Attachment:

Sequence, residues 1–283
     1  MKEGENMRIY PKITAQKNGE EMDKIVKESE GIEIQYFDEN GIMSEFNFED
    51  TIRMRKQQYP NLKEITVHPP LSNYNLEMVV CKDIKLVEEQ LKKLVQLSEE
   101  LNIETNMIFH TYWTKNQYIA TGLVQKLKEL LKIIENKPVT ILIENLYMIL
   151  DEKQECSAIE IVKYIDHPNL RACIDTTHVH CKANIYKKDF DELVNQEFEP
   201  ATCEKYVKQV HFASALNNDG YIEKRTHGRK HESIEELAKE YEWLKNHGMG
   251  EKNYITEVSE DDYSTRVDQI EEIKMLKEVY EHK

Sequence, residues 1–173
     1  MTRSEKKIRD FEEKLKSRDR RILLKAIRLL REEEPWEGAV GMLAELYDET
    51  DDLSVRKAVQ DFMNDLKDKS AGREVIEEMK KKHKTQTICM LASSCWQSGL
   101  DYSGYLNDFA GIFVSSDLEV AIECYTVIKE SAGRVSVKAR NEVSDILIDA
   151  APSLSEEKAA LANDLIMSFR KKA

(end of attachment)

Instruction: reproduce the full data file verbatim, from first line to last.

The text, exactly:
Sequence, residues 1–283
     1  MKEGENMRIY PKITAQKNGE EMDKIVKESE GIEIQYFDEN GIMSEFNFED
    51  TIRMRKQQYP NLKEITVHPP LSNYNLEMVV CKDIKLVEEQ LKKLVQLSEE
   101  LNIETNMIFH TYWTKNQYIA TGLVQKLKEL LKIIENKPVT ILIENLYMIL
   151  DEKQECSAIE IVKYIDHPNL RACIDTTHVH CKANIYKKDF DELVNQEFEP
   201  ATCEKYVKQV HFASALNNDG YIEKRTHGRK HESIEELAKE YEWLKNHGMG
   251  EKNYITEVSE DDYSTRVDQI EEIKMLKEVY EHK

Sequence, residues 1–173
     1  MTRSEKKIRD FEEKLKSRDR RILLKAIRLL REEEPWEGAV GMLAELYDET
    51  DDLSVRKAVQ DFMNDLKDKS AGREVIEEMK KKHKTQTICM LASSCWQSGL
   101  DYSGYLNDFA GIFVSSDLEV AIECYTVIKE SAGRVSVKAR NEVSDILIDA
   151  APSLSEEKAA LANDLIMSFR KKA